Noon-Jitsu: Pressure Passing
Today at Noon-Jitsu at Crossroads BJJ we started off warming up with some judo. Because every fight whether on the streets, in an MMA bout, or a Jiu-Jitsu competition starts on the feet it is essential that you understand how to fight or grapple at this range. By practicing how to move and stay balanced when somebody is resting their weight on you and pulling you in different directions we learn how to prevent other people from taking us down and give ourselves a better chance that when the fight does go to the ground we are in an advantageous position, on top applying pressure and in control. A large part of jiu-jitsu is controlling your opponent, and this applies to techniques on the ground as well as standing.
On the ground we have continued to work pressure passing with our over under pass. At a high level passing requires you to pin your Jiu-jitsu training partner to the ground, if you can not accomplish this they will be able to reposition themselves and prevent your from improving your position. Creating a strong angle between your opponent and yourself and creating walls allow us to stop the bottom player from repositioning themselves and successfully pass the guard.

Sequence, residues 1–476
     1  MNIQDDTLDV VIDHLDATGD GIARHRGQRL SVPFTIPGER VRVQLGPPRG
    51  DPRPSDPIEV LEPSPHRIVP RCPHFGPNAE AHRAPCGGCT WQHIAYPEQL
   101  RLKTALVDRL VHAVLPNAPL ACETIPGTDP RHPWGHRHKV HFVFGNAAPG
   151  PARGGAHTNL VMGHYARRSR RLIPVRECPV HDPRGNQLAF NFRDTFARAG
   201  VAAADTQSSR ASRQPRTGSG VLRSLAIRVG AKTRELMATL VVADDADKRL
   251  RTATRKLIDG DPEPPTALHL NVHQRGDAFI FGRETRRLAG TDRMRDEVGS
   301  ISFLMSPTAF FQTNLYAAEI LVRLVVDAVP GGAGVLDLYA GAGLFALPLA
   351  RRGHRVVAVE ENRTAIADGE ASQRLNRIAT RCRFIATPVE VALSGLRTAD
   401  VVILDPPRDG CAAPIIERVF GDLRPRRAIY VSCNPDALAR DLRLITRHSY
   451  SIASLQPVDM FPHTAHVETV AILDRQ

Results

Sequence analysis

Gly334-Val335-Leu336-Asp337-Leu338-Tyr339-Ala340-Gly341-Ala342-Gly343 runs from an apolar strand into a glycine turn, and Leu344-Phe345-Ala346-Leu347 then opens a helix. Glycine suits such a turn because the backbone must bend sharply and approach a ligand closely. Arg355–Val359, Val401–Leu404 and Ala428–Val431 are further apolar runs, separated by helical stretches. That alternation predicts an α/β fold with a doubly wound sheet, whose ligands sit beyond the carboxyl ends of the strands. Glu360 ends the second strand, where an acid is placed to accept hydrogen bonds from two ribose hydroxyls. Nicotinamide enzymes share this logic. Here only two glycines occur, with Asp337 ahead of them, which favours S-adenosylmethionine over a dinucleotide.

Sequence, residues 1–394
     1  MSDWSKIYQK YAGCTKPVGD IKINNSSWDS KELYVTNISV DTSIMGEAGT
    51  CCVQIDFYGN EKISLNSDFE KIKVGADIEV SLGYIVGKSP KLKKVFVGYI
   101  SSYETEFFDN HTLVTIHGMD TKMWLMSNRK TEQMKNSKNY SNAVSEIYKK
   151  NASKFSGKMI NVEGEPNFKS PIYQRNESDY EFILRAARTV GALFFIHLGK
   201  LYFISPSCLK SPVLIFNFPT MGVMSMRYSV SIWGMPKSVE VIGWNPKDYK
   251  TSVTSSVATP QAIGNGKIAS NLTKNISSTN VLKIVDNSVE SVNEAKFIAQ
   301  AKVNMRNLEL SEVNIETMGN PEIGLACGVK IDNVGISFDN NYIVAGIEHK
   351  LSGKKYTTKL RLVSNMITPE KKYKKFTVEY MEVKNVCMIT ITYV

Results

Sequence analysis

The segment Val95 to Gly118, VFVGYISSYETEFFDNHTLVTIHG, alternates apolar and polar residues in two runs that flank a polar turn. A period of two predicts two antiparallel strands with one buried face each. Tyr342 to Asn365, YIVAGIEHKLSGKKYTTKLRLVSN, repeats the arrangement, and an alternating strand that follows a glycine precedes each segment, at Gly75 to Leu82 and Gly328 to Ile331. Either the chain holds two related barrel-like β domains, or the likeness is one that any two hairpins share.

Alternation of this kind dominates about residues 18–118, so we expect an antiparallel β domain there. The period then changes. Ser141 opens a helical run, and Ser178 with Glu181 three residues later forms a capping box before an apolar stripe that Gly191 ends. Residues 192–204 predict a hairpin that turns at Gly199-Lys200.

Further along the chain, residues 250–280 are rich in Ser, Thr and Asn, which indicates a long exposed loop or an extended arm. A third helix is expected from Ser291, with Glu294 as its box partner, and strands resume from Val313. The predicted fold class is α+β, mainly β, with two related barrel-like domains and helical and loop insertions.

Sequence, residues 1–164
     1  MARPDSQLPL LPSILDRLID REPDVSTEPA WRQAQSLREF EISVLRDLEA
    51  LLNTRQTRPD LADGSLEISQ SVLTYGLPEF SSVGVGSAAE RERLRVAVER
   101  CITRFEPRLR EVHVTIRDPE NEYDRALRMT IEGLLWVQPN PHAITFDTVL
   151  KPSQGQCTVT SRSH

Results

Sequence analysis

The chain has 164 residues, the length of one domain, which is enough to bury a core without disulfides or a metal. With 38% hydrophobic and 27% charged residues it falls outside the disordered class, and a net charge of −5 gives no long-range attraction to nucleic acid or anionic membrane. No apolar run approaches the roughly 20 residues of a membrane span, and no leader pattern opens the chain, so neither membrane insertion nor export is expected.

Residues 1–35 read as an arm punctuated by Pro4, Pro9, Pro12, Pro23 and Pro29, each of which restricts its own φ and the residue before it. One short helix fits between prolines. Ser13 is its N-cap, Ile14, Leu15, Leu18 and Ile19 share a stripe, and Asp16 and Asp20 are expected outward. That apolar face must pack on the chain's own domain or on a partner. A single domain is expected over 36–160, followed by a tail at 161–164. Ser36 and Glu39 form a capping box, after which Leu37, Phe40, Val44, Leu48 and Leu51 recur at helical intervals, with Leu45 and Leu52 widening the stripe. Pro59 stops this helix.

In this class's submission we drilled the knee bar from the over under pass position. This knee-bar can be used to finish or create a reaction to make passing easier. If the bottom jiu-jitsu player is using their lead leg to stop the top player from achieving a better position they can switch to attacking the knee which will either lead to a finish or fore the bottom jiu-jitsu player to drop the leg and allow the pass. This series of BJJ techniques is an excellent example of how physics and angles along with balance, pressure and connection can allow a much smaller person to successfully defeat an larger stronger opponent. By using all of your body against a weak ligament, tendon or muscle of your opponent you can control and submit them.